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Cystoscopy and Cystolitholapaxy Medical Transcription Operative Sample Report

PREOPERATIVE DIAGNOSIS:  Left renal calculi.

POSTOPERATIVE DIAGNOSES:
1.  Left renal calculi.
2.  Urethral calculus.

OPERATIONS PERFORMED:
1.  Cystoscopy - through suprapubic sinus.
2.  Left ureteral stent placement.
3.  Cystolitholapaxy.

SURGEON:  John Doe, MD

ANESTHESIA:  General.

DRAINS:  None.

SPECIMENS REMOVED:  Urethral/bladder calculus (1 x 2.6 cm).

TUBES:  Foley, 24-French.

ESTIMATED BLOOD LOSS:  Zero.

COMPLICATIONS:  None.

DESCRIPTION OF OPERATION:  The patient was brought to the cystoscopy suite by the OR and anesthesia staff and put on the cystoscopy table. The patient was gently induced with anesthesia and intubated without difficulty. The patient was then brought down to the edge of the cystoscopy table and placed in dorsal lithotomy position. His peritoneum and lower abdomen were prepped and draped in a sterile fashion. His suprapubic catheter, which was a 24-French catheter, was removed. At this point, a 21-French rigid cystoscope was passed, with a 30-degree lens, through the suprapubic sinus easily into the bladder. The bladder was systematically inspected and showed some chronic inflammatory changes due to chronic indwelling suprapubic tube. His ureteral orifices were identified bilaterally and were in normal anatomic configuration.

At this point, we followed the trigone down into the prostatic fossa where the verumontanum was identified. There was also a large urethral/bladder calculus approximately 1 x 2.6 cm sitting in the prostatic fossa. On later examination with the 70-degree scope, it was seen that there was no outside communication of the urethra to the external genitalia, and that the urethra must have been tied off at some point in the past. Attention was then turned to the left ureteral orifice. A 0.035 inch Glidewire was attempted to be passed through the cystoscope into the left ureteral orifice. This was unsuccessful, as the angle was difficult through the suprapubic sinus. At this point, an angled Glidewire was tried, which was also unsuccessful. We then tried an angled, tapered 5-French catheter and this was successful in entering the ureteral orifice and was passed through this up into the left renal pelvis under direct visualization and fluoroscopic guidance. Using the push-pull technique, the angled, tapered catheter was removed over the wire and a 6-French x 24 cm left ureteral stent was placed. The wire was removed and a curl was seen in the renal pelvis under fluoroscopic guidance and under direct visualization in the bladder.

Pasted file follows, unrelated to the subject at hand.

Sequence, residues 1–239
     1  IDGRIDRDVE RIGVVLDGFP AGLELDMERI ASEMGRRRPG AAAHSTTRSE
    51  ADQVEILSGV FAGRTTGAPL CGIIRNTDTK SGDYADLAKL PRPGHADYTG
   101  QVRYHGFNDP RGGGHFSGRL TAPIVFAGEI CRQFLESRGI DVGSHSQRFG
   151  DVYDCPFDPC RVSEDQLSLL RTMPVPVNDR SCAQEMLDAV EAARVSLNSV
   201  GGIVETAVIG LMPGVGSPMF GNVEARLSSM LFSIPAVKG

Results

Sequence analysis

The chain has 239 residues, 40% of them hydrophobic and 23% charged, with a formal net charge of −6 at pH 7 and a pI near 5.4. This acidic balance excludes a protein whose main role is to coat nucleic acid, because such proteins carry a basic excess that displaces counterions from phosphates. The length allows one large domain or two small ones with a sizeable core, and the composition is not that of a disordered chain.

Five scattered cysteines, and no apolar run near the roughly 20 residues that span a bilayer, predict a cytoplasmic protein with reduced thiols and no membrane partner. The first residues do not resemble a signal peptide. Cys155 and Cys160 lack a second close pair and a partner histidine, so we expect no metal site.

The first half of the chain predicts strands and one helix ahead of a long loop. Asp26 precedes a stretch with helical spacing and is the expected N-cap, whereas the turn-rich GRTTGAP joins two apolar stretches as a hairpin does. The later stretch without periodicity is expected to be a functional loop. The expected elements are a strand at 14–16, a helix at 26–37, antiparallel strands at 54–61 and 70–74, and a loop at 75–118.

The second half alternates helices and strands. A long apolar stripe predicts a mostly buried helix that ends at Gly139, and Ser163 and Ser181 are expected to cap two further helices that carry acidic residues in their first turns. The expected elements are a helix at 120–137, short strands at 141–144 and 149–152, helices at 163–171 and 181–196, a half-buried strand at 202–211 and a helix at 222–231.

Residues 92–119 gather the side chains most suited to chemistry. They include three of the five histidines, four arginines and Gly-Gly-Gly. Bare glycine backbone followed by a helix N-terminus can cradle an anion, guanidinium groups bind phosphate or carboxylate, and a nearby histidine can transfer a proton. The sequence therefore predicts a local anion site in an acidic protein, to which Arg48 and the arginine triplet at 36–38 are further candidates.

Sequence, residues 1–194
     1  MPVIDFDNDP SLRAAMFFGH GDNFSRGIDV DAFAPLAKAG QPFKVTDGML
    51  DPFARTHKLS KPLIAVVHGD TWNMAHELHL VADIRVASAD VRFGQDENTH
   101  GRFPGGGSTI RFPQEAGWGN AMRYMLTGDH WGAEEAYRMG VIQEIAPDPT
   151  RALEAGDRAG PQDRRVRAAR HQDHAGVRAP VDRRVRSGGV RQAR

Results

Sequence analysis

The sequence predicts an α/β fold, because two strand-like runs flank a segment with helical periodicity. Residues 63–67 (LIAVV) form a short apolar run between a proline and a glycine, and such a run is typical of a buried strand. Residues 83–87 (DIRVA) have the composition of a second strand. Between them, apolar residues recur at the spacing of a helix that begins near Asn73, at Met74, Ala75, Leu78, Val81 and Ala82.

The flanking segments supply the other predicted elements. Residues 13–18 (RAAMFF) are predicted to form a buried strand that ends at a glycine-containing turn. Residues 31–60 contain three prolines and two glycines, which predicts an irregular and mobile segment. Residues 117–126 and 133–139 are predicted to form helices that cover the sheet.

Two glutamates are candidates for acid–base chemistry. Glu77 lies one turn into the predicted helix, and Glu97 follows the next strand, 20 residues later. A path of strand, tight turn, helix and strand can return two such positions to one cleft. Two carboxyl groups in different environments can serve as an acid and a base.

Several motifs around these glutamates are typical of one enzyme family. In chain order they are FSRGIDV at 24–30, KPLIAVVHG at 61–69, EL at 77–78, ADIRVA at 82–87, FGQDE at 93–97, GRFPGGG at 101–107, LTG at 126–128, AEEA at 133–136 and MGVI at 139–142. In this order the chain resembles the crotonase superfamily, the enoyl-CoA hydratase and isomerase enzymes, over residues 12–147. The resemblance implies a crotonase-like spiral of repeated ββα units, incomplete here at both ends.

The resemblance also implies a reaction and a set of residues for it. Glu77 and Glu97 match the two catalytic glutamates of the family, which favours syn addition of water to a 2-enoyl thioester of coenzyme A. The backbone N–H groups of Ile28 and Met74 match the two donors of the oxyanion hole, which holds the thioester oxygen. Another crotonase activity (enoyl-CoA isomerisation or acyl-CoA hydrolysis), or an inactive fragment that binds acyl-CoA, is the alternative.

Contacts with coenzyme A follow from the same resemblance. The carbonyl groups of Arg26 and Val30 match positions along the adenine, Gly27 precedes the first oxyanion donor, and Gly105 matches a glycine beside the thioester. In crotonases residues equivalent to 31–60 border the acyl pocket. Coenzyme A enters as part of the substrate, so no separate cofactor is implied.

Our attention was then turned to the bladder/urethral calculus. The rigid cystoscope was removed and a stone crusher was used to break up the stone into multiple small pieces. The stone was quite easy to crush. The stone crusher was then removed and an Ellik bulb suction device was used to attempt to remove these fragments, however, this was unsuccessful due to the angle. A glass Toomey syringe was then used to barbotage and attempt removal of the stone fragments. This was also unsuccessful. At this point, we used a spaghetti suction catheter to suction the stone fragments through the sheath of the cystoscope and this was successful for the most part. There were some residual stone fragments, but they were small and insignificant. Minimal irritation was caused and there were no active bleeders identified. At this point, the scope was removed and a 24-French Foley catheter was replaced in the bladder. The patient's urine was clear to pink after the procedure was over and draining well. The patient was transitioned to the PACU after being successfully extubated in stable condition.